During World War I, the United States Railroad Administration (USRA) took over the nation's railroads. Under the USRA, the four major and three minor express companies were consolidated as American Railway Express, Inc., save the portion of Southern Express that operated over the Southern Railway and the Mobile & Ohio. Railway Express Agency office, San Augustine, Texas, 1939 REA electric truck circa 1920.

In March 1929, the assets and operations of American Railway Express Inc. were transferred to Railway Express Agency (REA). REA was owned by 86 railroads in proportion to the express traffic on their lines - no one railroad or group of railroads had control of the agency. In response to customer demand, REA added a Chicago, Illinois-based refrigerator car line. In 1927, REA began an Air Express Division. In 1938, the remainder of Southern Express also joined the consolidated REA.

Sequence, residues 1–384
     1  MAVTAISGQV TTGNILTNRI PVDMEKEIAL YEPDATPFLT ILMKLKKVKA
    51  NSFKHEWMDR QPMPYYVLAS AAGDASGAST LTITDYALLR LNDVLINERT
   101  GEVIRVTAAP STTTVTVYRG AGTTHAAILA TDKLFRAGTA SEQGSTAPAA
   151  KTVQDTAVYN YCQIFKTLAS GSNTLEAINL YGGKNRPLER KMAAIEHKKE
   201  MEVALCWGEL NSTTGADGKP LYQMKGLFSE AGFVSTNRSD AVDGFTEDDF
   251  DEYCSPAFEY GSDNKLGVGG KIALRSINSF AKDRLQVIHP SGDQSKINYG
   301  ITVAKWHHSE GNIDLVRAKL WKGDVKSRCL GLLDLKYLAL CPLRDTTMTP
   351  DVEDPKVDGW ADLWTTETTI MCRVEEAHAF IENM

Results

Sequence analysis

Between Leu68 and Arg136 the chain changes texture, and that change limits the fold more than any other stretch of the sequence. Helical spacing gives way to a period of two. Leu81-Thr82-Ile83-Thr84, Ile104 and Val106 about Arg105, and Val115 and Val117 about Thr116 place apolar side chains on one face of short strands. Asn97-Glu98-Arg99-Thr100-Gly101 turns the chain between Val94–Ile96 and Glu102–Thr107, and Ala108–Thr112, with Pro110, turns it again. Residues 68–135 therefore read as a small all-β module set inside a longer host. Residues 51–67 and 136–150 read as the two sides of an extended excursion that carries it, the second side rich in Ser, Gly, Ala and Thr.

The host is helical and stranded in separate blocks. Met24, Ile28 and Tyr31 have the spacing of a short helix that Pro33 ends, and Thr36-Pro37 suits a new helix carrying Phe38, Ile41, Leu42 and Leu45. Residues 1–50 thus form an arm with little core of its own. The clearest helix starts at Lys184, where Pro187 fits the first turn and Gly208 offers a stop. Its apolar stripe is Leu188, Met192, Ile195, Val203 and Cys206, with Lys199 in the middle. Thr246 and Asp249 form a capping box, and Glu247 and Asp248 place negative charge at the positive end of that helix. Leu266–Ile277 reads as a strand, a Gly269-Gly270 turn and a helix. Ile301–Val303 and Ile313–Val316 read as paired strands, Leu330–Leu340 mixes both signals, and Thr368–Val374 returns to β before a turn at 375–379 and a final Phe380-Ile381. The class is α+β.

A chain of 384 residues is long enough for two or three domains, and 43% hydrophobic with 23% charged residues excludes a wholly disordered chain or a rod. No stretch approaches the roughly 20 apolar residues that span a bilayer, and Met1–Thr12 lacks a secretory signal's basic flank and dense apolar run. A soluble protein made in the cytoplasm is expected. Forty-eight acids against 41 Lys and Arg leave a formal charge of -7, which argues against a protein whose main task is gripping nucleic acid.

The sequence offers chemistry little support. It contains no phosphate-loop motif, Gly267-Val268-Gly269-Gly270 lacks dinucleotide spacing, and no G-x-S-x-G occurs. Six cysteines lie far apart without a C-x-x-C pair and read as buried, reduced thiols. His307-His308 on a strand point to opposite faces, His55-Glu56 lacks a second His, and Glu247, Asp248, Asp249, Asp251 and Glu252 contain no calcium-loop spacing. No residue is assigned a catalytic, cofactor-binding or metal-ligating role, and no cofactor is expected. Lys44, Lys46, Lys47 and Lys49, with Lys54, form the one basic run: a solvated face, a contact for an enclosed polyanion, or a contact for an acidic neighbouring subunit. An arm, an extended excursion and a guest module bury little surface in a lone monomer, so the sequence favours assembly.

From Wikipedia

Brand/Importer Information:
Focused on the production of HO and N Scale post World War II to 1970s era North American vehicles, the Sylvania, Ohio based Classic Metal Works was founded in 1997, by William J. Giacci.
Primarily constructed out of die-cast metal, Mini Metals CMW products are factory assembled and decorated.
In May 2017, Classic Metal Works and Mini Metals product ranges have been taken over by Round 2 Corp.

Note: The following CMW stock numbers have not been used, breaking the linearity of the numbering: 50313 to 50315, 50362 to 50364, 51154 to 51163

Item created by: scottakoltz on 2018-10-22 20:59:52. Last edited by scottakoltz on 2018-10-22 21:00:59